Deadly Tornado Anniversary Remembered In San Angelo
Today, May 11th is an infamous anniversary in San Angelo. It was on this date 69 years ago that one of the most deadly tornados roared through San Angelo.
The tornado reached F4 strength meaning it may have had winds between 166 and 200 miles an hour. This storm severely damaged 15 square blocks of Downtown San Angelo. Along with the deaths and injuries, the 20 mile path of the storm resulted in amazing damage. In all, 519 homes were destroyed, 19 businesses were lost and 150 cars were decimated. The total dollar damage of the storm was 3.4 Million Dollars. That is the equivalent to nearly 30 million dollars in 2022 dollars.
On that same day, a powerful F5 tornado, the strongest on the Fujita Scale tore through Waco This tornado killed 114 people making it the deadliest tornado in Texas, since 1900. The damage in Waco was biblical
News reel footage beamed the damage to theaters all across the nation.
As deadly as the San Angelo Lakeview tornado was, it came so close to being so much worse. The tornado struck between 215p and 3p. In it's path from 17 miles northwest of San Angelo to just east of Armstrong Street, the tornado slammed into Lake View Junior High School.
Principal Mac Snodgrass was getting ready to drive a bus full of children home. The tornadw was right in the path of where he would be driving. Fortunately, he received a call from Superintendent, Jean Burleson, about the possibility of a tornado. Snodgrass' quick action, getting the kids to safety probably saved countless lives.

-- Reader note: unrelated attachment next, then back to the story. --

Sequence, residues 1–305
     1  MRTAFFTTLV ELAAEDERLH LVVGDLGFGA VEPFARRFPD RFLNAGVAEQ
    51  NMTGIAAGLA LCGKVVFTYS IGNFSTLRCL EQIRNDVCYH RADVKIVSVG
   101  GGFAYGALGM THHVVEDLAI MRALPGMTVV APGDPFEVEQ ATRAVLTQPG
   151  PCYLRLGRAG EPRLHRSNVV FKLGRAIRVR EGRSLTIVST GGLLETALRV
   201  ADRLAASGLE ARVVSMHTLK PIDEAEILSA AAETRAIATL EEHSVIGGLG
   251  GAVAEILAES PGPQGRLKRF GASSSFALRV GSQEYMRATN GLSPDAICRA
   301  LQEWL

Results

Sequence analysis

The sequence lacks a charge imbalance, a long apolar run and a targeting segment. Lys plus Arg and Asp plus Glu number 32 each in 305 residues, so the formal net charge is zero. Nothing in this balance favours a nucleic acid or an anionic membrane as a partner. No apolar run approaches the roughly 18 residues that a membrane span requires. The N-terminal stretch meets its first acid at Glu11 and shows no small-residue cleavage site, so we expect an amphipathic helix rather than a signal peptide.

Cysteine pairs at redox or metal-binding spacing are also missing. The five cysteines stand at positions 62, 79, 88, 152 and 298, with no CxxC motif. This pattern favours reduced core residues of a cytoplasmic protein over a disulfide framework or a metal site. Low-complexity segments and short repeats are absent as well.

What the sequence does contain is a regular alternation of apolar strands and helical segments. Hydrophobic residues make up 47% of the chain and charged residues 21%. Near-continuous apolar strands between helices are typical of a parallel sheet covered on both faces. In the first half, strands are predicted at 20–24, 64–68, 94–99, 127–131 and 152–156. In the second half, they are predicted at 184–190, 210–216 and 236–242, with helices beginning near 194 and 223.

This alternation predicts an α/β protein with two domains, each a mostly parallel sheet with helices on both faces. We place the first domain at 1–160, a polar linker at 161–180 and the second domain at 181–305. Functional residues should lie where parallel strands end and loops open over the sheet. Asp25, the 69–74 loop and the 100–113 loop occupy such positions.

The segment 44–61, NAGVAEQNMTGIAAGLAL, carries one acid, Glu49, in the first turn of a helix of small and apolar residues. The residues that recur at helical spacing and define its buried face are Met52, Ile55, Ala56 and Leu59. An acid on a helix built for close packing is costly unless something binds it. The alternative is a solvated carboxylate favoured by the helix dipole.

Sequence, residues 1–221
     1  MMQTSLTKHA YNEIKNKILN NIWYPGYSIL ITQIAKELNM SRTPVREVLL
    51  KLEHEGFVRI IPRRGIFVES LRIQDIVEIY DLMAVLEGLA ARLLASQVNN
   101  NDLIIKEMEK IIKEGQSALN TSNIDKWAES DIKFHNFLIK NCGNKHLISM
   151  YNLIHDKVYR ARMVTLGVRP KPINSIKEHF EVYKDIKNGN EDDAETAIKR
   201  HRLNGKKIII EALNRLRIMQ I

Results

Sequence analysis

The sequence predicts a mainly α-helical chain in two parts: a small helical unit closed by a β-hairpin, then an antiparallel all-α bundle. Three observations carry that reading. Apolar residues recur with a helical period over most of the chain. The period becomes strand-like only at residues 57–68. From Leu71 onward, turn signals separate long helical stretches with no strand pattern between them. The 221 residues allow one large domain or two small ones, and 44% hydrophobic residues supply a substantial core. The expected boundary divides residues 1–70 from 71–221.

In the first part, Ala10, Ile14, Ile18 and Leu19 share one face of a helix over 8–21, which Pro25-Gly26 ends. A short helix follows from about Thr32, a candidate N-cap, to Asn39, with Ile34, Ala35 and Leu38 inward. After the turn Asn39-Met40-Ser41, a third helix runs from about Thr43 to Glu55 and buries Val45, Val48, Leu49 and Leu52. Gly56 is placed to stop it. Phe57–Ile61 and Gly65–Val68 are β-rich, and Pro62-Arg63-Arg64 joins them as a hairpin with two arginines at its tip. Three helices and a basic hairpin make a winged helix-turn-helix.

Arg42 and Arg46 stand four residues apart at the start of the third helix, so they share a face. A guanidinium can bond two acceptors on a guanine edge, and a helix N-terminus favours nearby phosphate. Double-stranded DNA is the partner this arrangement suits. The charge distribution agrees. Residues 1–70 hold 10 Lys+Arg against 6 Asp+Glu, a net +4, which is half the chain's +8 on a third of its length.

Students, who were in the school that fateful day, often tell the story of what happened when the storm hit. A 7th Grade student later told reporters that as the storm approached he could hardly breath. Students were instructed to go into the hall. One student barely escaped his desk, when the glass caved in and dust, dirt, sticks and every manner of debris crashed into the classroom and spilled into the hall.
The roof blew off and while there was alot of screaming and desperate crying, the only sound anyone could hear was the wind and rain. Considering that there were 1000 people in the school when the tornado hit, everyone got out alive. There were only a few minor injuries.
Of course, many of the students saved that day went on to have families of their own and grandchildren. All those descendants can thank the quick acting hero teachers and administrators at that school on that fateful day for their very survival.
Every time a thunderstorm roars in the distance, those who've been through a tornado event live in fear that it will happen again. It is never a bad idea to learn what to do to be safe if and when it does happen again.
Anyone who is still around who survived that day surely will never forget it. Let's hope if this ever happens again in San Angelo, we'll have heroic leaders who again will know what to do and save lives.